Power of Story
Send a Tweet        
- Advertisement -
Refresh  

Share on Google Plus Share on Twitter Share on Facebook 1 Share on LinkedIn Share on PInterest Share on Fark! Share on Reddit Share on StumbleUpon Tell A Friend 1 (2 Shares)  

Printer Friendly Page Save As Favorite View Favorites (# of views)   7 comments, In Series: Pharma
Exclusive to OpEdNews:
General News

How Offensive Ads Sell Drugs For Pharma

By       Message Martha Rosenberg     Permalink
      (Page 1 of 2 pages)
Related Topic(s): ; ; ; ; ; ; , Add Tags Add to My Group(s)

View Ratings | Rate It

opednews.com Headlined to H4 9/30/17

Author 1353
Become a Fan
  (80 fans)
- Advertisement -

How did Pharma become the third most lucrative U.S. industry? In addition to millions doled out to federal lawmakers and medical groups, it uses the world's best ad agencies and public relations firms to "move product."

For example, more than ten years ago the slick PR firm, Cohn and Wolfe, vaulted "shyness" to a national psychiatric problem to sell the SSRI antidepressants Paxil, now linked to birth defects and suicide. The same disease promotion was seen with "Binge Eating Disorder" (once overeating) and GERD (once heartburn).

Depression was insidiously "sold" to the U.S. population with an ad campaign called The Change You Deserve to boost sales of the antidepressant Effexor. Now as much as a fourth of the U.S. population takes antidepressants, most having never been diagnosed with a psychiatric condition but simply wanting to "enjoy things the way we used to do" as the ads promised. Thanks to direct-to-consumer drug ads, patients self-diagnose and... doctors oblige.

- Advertisement -

To sell the antipsychotic Seroquel to children AstraZeneca considered creating Winnie-the the-Pooh characters like Tigger (bipolar) and Eeyore (depressed), according to published reports at an AstraZeneca sales meeting. Parents say they have seen toys emblazoned with Seroquel logos.

"Disney-fying" psychoactive drugs for children is not just a U.S. phenomenon. A lime-green kids' brochure for Zyprexa, published by Britain's National Health Service (NHS), shows cartoons of happy kids skating, rollerblading and playing soccer with the copy, "Many children, teenagers and young people need to take medicines prescribed by doctors to help them stay well and healthy." Similar NHS brochures were made for Risperdal and Strattera, an ADHD drug.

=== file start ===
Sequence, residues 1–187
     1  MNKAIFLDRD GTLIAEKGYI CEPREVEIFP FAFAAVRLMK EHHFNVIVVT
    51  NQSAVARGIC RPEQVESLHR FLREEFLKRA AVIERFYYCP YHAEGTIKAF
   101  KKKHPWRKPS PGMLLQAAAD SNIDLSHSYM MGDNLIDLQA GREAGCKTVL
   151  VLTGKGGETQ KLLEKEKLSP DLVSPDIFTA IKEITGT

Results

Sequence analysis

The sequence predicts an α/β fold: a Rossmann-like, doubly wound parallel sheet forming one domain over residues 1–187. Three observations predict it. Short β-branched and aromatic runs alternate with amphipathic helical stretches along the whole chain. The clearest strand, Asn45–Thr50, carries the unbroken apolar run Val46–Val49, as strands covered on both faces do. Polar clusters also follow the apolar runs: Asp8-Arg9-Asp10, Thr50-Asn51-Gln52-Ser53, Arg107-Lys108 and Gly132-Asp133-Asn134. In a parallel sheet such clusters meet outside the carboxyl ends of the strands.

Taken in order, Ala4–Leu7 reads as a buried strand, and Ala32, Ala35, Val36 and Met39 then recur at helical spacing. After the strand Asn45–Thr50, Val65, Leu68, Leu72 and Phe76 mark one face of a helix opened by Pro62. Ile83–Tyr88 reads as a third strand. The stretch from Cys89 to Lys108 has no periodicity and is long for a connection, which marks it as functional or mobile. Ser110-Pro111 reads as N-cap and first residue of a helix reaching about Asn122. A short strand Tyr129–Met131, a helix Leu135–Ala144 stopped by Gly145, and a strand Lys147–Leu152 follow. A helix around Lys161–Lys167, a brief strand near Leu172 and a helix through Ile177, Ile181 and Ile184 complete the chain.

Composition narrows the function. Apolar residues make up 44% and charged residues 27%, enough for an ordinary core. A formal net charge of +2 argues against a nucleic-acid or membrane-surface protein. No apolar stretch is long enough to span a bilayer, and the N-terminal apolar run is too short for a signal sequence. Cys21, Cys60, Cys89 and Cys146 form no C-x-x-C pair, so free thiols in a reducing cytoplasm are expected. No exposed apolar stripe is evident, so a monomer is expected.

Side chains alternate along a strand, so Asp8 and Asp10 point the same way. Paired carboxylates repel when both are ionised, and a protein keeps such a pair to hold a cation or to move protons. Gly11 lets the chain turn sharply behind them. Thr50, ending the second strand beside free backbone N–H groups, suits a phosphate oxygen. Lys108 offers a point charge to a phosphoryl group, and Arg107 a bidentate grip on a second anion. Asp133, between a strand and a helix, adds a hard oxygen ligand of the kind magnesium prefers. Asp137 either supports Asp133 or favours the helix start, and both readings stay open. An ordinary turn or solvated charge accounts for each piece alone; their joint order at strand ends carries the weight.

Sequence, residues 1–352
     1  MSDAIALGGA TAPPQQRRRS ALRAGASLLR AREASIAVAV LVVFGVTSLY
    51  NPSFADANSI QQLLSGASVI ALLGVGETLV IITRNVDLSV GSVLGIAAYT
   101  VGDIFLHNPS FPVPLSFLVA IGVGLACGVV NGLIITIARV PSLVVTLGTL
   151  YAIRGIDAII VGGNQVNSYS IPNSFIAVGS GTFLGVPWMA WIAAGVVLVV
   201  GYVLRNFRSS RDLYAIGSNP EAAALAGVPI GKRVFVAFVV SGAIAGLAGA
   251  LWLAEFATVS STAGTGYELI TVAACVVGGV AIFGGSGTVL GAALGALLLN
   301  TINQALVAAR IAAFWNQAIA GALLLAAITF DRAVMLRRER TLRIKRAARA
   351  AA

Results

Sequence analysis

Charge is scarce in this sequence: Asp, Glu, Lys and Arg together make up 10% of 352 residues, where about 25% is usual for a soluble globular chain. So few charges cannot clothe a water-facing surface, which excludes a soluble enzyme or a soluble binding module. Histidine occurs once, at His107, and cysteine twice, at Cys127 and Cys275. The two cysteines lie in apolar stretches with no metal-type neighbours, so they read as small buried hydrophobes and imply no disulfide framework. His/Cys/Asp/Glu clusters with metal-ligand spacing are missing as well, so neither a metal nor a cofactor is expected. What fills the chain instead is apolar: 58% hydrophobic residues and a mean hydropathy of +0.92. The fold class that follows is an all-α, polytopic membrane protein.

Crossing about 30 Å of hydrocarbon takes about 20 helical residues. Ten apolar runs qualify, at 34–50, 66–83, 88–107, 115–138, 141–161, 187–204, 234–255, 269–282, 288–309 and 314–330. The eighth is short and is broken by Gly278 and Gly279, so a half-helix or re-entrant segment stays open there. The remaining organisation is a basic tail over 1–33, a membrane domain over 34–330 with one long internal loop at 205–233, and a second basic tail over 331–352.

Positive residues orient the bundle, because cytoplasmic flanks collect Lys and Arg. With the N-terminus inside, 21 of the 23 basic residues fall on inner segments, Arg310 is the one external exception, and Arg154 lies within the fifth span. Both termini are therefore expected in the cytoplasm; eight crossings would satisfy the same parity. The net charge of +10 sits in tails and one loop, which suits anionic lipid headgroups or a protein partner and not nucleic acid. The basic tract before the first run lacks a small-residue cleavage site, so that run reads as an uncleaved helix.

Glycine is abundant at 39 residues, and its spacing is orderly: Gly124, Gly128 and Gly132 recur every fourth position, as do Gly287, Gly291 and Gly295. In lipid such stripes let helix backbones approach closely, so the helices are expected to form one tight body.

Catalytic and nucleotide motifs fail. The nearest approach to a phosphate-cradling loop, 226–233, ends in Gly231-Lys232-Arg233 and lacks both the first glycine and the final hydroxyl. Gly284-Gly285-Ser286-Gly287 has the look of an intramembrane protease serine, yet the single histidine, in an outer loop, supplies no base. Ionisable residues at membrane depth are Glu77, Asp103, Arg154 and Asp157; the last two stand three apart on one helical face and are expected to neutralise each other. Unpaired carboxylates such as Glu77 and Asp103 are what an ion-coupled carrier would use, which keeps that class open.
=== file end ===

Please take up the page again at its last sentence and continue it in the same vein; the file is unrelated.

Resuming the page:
- Advertisement -

Some of Pharma's most offensive ads are for psychiatric drugs. The London-based ad agency, Junction 11 (GSW Worldwide) hired noted Welsh oil painter, Mark Moran, to create a campaign for the antipsychotic Risperdal called "Living Nightmares." The paintings were designed to "capture physicians' attention and communicate patients' agony and need for treatment," said its originators, while helping Risperdal maker, Janssen, "own the relapse/prevention space." Ka-ching.

Titles of paintings in the ad campaign included "Dog-Woman," "Witches," "Rotting Flesh," and "Boiling Rain." Not to stigmatize people with mental illness or anything.


Pharma's ads are among the most offensive
(Image by Martha Rosenberg)
  Permission   Details   DMCA

- Advertisement -

How Prescribing Early Makes Pharma More Money

For decades Pharma has urged patients and doctors to use its drugs early when it comes to mental conditions. Pharma has floated dubious Pharma-funded research that "shows" mental conditions get worse if they are not treated early. But as one cynical doctor puts it, the real hurry is the symptoms "might go away." Needless to say, when taking a drug for a condition a patient might have, she never knows if she needed it then----or now.

Such scare tactics work in Pharma ads. A Risperdal campaign, called "Prescribe Early," used a macabre abandoned wallet, teddy bear and keys on a barren street to convey that a patient died and to "reposition a drug that was being used too late to achieve its maximum benefits," said its advertising agency. Benefits for whom?

Next Page  1  |  2

 

- Advertisement -

View Ratings | Rate It

Martha Rosenberg is an award-winning investigative public health reporter who covers the food, drug and gun industries. Her first book, Born With A Junk Food Deficiency: How Flaks, Quacks and Hacks Pimp The Public Health, is distributed by Random (more...)
 

Share on Google Plus Submit to Twitter Add this Page to Facebook! Share on LinkedIn Pin It! Add this Page to Fark! Submit to Reddit Submit to Stumble Upon



Go To Commenting
The views expressed in this article are the sole responsibility of the author and do not necessarily reflect those of this website or its editors.

Writers Guidelines

Contact AuthorContact Author Contact EditorContact Editor Author PageView Authors' Articles
- Advertisement -

Most Popular Articles by this Author:     (View All Most Popular Articles by this Author)

Grassley Investigates Lilly/WebMD link Reported by Washington Post

The Drug Store in Your Tap Water

It's the Cymbalta Stupid

Are You Sure You're Not Psychotic Asks Shameless Drug Company?

Another Poorly Regulated "Derivative"--the Antidepressant Pristiq

MRSA and More. Antibiotics Linked to Obesity and Allergies, Too